Oftentimes, researchers talk about a paper that's been published "in Nature" (typically to establish its notoriety). However, I would like to clarify exactly what this means.

Along with Nature, the Nature Publishing Group publishes a wide range of journals, including journals with the word "Nature" in the title, such as Nature Biotechnology, Nature Cell Biology, and so on. Other journals published by Nature Publishing Group do not include the word "Nature" in the title, such as Heredity, Molecular Systems Biology, and so on. (See the journal index.) With this in mind, it does not seem clear to me exactly what it means to have published "in Nature".

Question: When someone says they've published "in Nature", does this literally mean they have published in the journal entitled Nature?

  • 5
    listen carefully - do they say in Nature, or by Nature? The latter being a clue that what they're really saying is: 'by Nature Publishing Group, but not in the journal "Nature"'
    – 410 gone
    Commented Aug 13, 2012 at 19:51
  • 6
    I have never heard of someone referring to one of the Nature sub-journals as just "Nature". I think most people would consider this dishonest.
    – Bitwise
    Commented Aug 26, 2013 at 18:36

3 Answers 3


The answer to your question is probably "Yes and No" or, more properly, it depends on who is telling you this and why.

If the individual wants you to find his or her research, then "in Nature" might mean in Nature. However, if someone wants you to find research, why aren't they giving you a full citation?

Usually someone would say their work is published "in Nature" to make themselves sound important (sometimes rightfully so). In this case, I doubt that the individual would make a distinction between Nature and the derivative journals, most of which also have high impact factors. The person is more likely to be vague if the field-specific NPG journal in which the work is published has a much lower impact factor than Nature.

In the field of chemistry, Nature Chemistry is relatively new, 4 years old. Since NChem is so new, most folks I talk to distinguish whether they mean Nature or NChem. NChem's newness leaves it with a lower impact factor (20.524 for 2011, the first year it qualified for one) vs. Nature (36.280 in 2011).

  • 7
    I found this Q&A linked from another and wanted to comment that the second part of this answer in my experience is very wrong. "In Nature" is not a synonym for "in a Nature/npg journal" and if you use the former to mean the latter you will probably embarrass yourself. It would be like claiming you are a World Cup champion when you really mean you collect cups from all over the world.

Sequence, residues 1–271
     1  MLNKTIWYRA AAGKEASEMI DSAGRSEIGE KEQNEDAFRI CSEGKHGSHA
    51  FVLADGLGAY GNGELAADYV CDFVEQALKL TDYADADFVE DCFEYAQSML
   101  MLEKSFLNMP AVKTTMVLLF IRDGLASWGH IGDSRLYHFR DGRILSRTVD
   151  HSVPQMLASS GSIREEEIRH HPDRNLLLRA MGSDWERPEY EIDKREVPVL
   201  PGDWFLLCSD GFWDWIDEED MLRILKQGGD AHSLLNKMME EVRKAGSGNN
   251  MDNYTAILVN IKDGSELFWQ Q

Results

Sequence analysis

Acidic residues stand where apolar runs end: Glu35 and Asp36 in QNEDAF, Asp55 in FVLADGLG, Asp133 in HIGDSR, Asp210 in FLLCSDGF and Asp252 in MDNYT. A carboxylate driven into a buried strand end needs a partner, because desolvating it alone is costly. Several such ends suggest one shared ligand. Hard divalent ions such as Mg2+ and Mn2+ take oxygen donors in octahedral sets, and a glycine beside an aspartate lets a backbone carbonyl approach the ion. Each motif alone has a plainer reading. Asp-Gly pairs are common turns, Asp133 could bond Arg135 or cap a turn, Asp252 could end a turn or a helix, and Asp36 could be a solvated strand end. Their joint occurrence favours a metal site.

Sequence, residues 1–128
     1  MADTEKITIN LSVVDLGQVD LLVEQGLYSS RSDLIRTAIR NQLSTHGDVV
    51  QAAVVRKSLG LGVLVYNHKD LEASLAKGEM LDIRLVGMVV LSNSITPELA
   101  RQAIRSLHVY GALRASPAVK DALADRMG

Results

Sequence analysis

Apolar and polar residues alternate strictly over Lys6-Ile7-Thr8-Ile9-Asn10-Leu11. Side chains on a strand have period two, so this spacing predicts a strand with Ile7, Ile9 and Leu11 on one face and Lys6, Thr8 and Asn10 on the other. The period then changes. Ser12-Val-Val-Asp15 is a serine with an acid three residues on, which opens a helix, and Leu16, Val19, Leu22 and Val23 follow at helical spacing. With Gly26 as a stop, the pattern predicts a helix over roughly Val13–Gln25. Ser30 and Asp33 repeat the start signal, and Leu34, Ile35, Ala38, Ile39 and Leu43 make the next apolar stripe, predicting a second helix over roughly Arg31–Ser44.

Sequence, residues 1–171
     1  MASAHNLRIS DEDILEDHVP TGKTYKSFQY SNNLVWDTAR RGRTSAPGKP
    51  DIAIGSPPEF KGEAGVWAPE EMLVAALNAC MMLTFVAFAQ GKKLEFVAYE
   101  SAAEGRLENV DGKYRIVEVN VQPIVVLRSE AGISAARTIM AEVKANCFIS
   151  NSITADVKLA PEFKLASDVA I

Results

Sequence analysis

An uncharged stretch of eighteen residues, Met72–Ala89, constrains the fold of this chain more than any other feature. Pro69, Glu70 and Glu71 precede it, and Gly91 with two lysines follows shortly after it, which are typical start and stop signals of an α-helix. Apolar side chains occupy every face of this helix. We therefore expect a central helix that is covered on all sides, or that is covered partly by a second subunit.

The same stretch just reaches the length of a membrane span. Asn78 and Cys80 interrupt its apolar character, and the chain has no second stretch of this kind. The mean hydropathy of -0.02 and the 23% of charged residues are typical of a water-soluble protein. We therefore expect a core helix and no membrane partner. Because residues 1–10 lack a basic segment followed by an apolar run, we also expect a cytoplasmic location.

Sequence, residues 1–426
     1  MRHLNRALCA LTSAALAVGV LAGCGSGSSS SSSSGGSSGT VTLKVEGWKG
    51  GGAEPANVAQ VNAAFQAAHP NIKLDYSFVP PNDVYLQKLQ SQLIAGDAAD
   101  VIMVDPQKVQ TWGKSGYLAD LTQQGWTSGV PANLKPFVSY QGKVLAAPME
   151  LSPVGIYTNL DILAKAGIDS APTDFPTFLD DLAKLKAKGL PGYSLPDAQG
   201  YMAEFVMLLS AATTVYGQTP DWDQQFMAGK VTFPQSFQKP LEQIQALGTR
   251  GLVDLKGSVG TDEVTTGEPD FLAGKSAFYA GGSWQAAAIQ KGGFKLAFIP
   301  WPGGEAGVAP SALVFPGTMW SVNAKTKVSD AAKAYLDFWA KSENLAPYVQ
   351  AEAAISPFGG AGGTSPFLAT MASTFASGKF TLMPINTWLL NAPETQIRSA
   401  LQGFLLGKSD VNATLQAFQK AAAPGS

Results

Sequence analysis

– Bryan Krause
    Commented Jul 16, 2019 at 18:43
  • Good question - I was wondering about this the other day, when reading a mainstream news article. I just searched today's news for "published in Nature" with Google and find 35 uses. Without exception, an NPG journal work that wasn't in their one journal named Nature is never referred to as in Nature in any of them. Media included Phys.org, globenewswire, Science Daily, healio(made difficult: no citation and Nature article was a month old- Boo, Healio!!), medicalxpress, eurekalert,... MIT Technology Review Podcast. PS: Commented Jul 16, 2020 at 19:33
  • ... So I agree with Krause and I intend to edit accordingly. (PS: It would be nice if there was a blocklist of 4th rate news sources that just re-report stuff without adding anything of value (except ads-that benefit them). I'm guessing some of the Media I visited/listed was that.). I'm thinking it should say that using "in Nature" to refer to something in a Nature journal, but not in the journal Nature, is both incorrect and misleading. It seems abnormal to use the term differently. Commented Jul 16, 2020 at 19:54

I've never heard a neuroscientist say they published in Nature, if it was in Nature Neuroscience.


This Nature guide to authors uses the phrase "Nature and the Nature research journals." Also, the editorial policies website states

The Nature journals' editorial policies concerning publication of primary scientific research can be found on the pages listed below. The policies described are those of Nature and the journals with "Nature" in their titles.

This implies that when the Nature Publishing Group uses the word "Nature" in italics, they are referring to the journal Nature and not to their other journals. If they want to refer to any of their journals, they use the phrase "Nature journal" (without italics).

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